I recently attended a midsummer ritual in Glasgow run by the Druids of Caledon. It was a very interesting and most enjoyable ritual. Now, I am not one generally for public ritual. I find some of the theatrics involved in some rituals to be, at best, distracting. However this ritual seemed on the face of it, to be well written and, more importantly, well intentioned. A day or two later, I had time to actually sit down and read the whole ritual.
It was then that it occurred to me one reason for my discomfort with a lot of pagan public rituals (apart from the aforementioned theatrics). The context is not necessarily modern. I’ve mentoned before elsewhere that my spirituality has to have its feet planted in reality. For me it is absolutely essential. I cannot divorce myself from reality as some people appear to be able (this is not a judgemental statement upon others, but a statement about my own circumstances).
A lot of public pagan rituals that I have witnessed or have taken some small part of, relate back in their style to earlier times. It was one statement in the midsummer ritual that pointed this out to me. Basically, the statement made reference to how “at this time of the year, the sun is at its highest and most powerful”. I realise that such classical viewpoints are not necessarily meant to represent modern reality and maybe intentioned to create a common dialogue referring back to earlier times, incouraging interactions with classical pagan deities or spirits through common terminology. And if that is the intention behind them, then all well and good.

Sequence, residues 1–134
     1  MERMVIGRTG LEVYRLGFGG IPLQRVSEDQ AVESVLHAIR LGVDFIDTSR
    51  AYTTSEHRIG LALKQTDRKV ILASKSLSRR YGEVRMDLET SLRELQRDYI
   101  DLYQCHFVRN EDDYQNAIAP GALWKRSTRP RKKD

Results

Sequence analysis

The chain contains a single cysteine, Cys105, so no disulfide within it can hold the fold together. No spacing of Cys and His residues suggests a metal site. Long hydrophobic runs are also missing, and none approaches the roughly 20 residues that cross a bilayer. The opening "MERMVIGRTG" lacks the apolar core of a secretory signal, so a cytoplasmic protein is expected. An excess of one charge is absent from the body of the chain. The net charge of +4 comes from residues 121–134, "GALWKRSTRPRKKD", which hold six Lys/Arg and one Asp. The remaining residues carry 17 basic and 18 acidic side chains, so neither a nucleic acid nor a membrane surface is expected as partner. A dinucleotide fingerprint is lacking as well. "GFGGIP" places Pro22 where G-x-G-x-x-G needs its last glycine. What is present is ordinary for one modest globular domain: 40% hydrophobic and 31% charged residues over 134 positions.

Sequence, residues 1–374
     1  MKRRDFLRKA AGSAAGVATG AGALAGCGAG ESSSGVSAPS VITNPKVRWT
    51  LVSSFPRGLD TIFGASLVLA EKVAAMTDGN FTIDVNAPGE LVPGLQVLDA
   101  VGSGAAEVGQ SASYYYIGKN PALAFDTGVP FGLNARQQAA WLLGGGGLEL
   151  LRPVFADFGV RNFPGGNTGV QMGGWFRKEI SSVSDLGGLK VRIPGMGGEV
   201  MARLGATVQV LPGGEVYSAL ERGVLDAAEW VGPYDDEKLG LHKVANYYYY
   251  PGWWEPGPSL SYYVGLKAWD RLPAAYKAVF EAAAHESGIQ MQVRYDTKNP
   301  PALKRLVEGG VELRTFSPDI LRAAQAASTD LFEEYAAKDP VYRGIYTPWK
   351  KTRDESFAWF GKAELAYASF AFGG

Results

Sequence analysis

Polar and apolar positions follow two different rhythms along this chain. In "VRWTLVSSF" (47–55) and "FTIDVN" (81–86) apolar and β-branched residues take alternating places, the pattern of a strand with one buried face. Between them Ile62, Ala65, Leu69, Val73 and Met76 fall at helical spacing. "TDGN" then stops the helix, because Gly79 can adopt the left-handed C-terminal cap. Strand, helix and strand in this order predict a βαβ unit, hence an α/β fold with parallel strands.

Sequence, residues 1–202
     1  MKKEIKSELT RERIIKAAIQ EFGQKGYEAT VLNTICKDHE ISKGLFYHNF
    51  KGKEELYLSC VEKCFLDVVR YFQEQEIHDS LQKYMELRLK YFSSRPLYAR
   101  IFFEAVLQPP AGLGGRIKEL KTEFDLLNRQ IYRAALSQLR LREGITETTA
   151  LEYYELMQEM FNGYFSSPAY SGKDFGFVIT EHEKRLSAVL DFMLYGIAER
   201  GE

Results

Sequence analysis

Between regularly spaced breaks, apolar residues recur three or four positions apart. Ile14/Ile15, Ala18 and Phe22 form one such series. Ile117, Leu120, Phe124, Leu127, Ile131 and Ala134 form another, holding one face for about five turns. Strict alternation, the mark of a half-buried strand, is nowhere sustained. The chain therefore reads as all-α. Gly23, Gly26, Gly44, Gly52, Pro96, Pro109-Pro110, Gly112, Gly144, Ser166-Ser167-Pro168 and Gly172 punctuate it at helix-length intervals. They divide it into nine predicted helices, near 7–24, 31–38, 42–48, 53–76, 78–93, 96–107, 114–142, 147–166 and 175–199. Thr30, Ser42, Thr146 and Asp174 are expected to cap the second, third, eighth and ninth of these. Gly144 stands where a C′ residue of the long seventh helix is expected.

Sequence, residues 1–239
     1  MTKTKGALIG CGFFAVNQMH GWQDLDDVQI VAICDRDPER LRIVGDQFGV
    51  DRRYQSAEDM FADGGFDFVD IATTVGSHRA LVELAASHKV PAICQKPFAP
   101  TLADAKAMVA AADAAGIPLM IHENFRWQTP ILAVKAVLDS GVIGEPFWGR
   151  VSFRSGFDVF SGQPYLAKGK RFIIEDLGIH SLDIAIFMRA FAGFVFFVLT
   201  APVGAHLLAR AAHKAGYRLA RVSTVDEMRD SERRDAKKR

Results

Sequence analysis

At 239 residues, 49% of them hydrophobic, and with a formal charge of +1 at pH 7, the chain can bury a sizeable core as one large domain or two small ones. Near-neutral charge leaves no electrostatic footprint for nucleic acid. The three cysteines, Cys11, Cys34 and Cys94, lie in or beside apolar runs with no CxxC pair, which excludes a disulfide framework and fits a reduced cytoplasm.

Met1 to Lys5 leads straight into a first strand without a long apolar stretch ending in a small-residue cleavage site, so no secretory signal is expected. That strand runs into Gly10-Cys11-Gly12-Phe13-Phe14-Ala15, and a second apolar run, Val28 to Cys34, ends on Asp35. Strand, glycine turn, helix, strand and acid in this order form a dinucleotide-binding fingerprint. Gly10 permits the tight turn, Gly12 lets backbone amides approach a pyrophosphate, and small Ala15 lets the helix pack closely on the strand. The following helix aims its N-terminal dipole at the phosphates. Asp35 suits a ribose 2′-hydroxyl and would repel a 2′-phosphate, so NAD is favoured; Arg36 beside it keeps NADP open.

However, I found myself thinking “actually, that’s not the case”. We now know that the only thing that changes about the sun is the regular cyclical solar activity. Our perception of the intensity of the suns influence is based upon the positioning of the Earth. So in a modern context, it would probably be more accurate to state that “our place on the Earth at this moment in time is now at its peak for receiving the direct influence of the sun”. Hardly a classically derived statement. However, in a modern context, and for the way in which I experience my spirituality, probably far more accurate and relevent.
The classically derived phrases conjure up to me, a very early humancentric viewpoint that puts humanity at the centre of the natural and spiritual world. With all the evidence and knowledge we now possess and continue to learn about the natural world and its workings, I now find myself coming to the realization that because my own practice is far from being humancentric (this being established by interactions over the years which place the emphasis on multiple and equal status within those relationships), for me, there has to be some sort of modern context when constructing or participating in a ritual.
I have to incorporate the “modern reality” into my spiritual work. As I stated, this is not meant to be judgemental on how others relate to their practices and I can understand how the language of earlier times can communicate with them in ways that are probably beyond my comprehension at this time. However, I wonder if I am the only one who has had this sort realization?